3 IRS resources to help you pay off your tax bill

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Tax Day has officially come and gone, so it’s likely sent many procrastinating taxpayers in a panic. And if you’re like me and you owe more than you were anticipating, you might be wondering what the heck to do next. Is the IRS going to come knocking if you can’t immediately pay off your tax bill?

In a word, no. The IRS, whatever names we might call them when we’re feeling angry, has fairly flexible payment options. So don’t fret. Here are a few tips for paying off that larger-than-life bill and avoiding unnecessary stress.*

 

1. Chat directly with the professionals

Did you know the IRS, like TSheets, has a chat option? I didn’t. You can chat directly with an IRS rep who can give you some advice about how to pay, whether that’s through a short-term payment plan, long-term payment plan, or something else.

Simply go to the IRS website and click on the “chat now” button or wait for the chat feature to pop up on your screen. After you’ve had your questions answered, you can save the full transcript or print it out to refer back to later.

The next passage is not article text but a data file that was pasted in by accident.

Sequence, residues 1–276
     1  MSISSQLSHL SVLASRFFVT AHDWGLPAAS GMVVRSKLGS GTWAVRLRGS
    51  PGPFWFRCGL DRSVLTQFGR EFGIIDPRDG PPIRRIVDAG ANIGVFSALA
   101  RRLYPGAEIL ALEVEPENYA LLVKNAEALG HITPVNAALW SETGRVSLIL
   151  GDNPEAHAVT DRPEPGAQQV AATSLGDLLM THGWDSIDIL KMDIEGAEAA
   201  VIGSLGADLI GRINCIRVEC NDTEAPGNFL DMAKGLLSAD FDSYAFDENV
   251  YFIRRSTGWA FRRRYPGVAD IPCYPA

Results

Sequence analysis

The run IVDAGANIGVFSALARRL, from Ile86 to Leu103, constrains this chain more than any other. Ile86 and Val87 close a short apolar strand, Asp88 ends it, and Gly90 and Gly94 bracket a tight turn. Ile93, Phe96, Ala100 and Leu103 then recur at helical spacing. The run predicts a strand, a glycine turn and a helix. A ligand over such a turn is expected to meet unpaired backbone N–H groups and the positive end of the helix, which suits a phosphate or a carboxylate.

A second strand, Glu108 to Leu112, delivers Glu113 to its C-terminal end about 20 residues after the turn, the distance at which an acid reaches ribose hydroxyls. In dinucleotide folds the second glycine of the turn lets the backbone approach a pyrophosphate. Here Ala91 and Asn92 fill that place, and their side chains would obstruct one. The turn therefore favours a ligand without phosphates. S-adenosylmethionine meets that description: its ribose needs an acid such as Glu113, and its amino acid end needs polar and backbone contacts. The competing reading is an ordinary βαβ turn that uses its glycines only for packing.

2. Enroll in an IRS payment plan

The IRS has a couple of different payment plans, both for individuals and businesses. Short-term payment plans cost nothing to set up, while long-term payment plans have a $31 fee. Both plans require the taxpayer to pay interest on the amount they owe.

The website doesn’t clearly define the interest rate, but when I asked via that convenient IRS chat feature, the IRS rep said the interest rate for a short-term plan is 6% annually or .5% each month. Folks on an active installment plan will pay just a .25% interest rate each month.

That said, there is another option you won’t find on the website, but it does exist.

 

3. Pay what you can now—whatever that looks like

If you owe $3,000 but can only pay $500 right now, that’s ok. Pay that $500. The IRS will send you a new bill in about a month for the remainder, plus 1% interest. So if $2,500 is your tax remainder, the next bill will be about $2,525.

From there, you can repeat the process. Pay what you can, get a new bill. Pay what you can, get a new bill.

If the balance isn’t paid in full by August, the IRS will send a somewhat more threatening-looking CP504 notice. If you receive one, you’ll want to get ahold of the IRS immediately to determine how you should move forward and perhaps get on a more structured payment plan.

Of course, being a taxpayer myself and not a tax expert, my best advice is to use that handy-dandy chat feature and ask an IRS rep yourself. Your situation might require a different path forward than any of the tips above suggest.

The main point here is to relax. Tax time can be rough, but often, the way out of trouble isn’t as daunting as it first appears, and the IRS can help.

 


*This material has been prepared for informational purposes only and was accurate at the time of publication. It is not intended to provide and should not be relied on for tax, legal, or accounting advice. You should consult your own tax, legal, and accounting advisors before engaging in any transaction.